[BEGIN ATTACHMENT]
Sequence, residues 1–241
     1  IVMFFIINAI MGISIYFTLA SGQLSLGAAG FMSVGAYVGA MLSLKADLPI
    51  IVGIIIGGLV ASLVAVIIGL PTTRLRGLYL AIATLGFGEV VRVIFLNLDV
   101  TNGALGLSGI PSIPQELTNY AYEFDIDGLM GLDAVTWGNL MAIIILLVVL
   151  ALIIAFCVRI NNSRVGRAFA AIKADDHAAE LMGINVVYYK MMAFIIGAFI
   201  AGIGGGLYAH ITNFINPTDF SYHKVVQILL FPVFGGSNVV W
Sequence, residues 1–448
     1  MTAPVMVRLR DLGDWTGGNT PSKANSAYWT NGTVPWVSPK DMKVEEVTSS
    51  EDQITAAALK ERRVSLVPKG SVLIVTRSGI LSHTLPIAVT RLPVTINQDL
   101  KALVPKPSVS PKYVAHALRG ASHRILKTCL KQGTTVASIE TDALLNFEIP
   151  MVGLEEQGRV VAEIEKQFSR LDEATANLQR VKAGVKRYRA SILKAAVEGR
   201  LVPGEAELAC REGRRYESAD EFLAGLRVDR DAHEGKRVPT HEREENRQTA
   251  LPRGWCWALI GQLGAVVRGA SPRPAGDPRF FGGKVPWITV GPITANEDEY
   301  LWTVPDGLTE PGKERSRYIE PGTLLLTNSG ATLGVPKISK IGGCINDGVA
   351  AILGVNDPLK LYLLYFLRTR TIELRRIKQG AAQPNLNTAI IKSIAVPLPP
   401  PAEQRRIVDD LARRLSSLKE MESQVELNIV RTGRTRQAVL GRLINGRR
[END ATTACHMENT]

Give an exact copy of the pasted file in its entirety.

Sequence, residues 1–241
     1  IVMFFIINAI MGISIYFTLA SGQLSLGAAG FMSVGAYVGA MLSLKADLPI
    51  IVGIIIGGLV ASLVAVIIGL PTTRLRGLYL AIATLGFGEV VRVIFLNLDV
   101  TNGALGLSGI PSIPQELTNY AYEFDIDGLM GLDAVTWGNL MAIIILLVVL
   151  ALIIAFCVRI NNSRVGRAFA AIKADDHAAE LMGINVVYYK MMAFIIGAFI
   201  AGIGGGLYAH ITNFINPTDF SYHKVVQILL FPVFGGSNVV W
Sequence, residues 1–448
     1  MTAPVMVRLR DLGDWTGGNT PSKANSAYWT NGTVPWVSPK DMKVEEVTSS
    51  EDQITAAALK ERRVSLVPKG SVLIVTRSGI LSHTLPIAVT RLPVTINQDL
   101  KALVPKPSVS PKYVAHALRG ASHRILKTCL KQGTTVASIE TDALLNFEIP
   151  MVGLEEQGRV VAEIEKQFSR LDEATANLQR VKAGVKRYRA SILKAAVEGR
   201  LVPGEAELAC REGRRYESAD EFLAGLRVDR DAHEGKRVPT HEREENRQTA
   251  LPRGWCWALI GQLGAVVRGA SPRPAGDPRF FGGKVPWITV GPITANEDEY
   301  LWTVPDGLTE PGKERSRYIE PGTLLLTNSG ATLGVPKISK IGGCINDGVA
   351  AILGVNDPLK LYLLYFLRTR TIELRRIKQG AAQPNLNTAI IKSIAVPLPP
   401  PAEQRRIVDD LARRLSSLKE MESQVELNIV RTGRTRQAVL GRLINGRR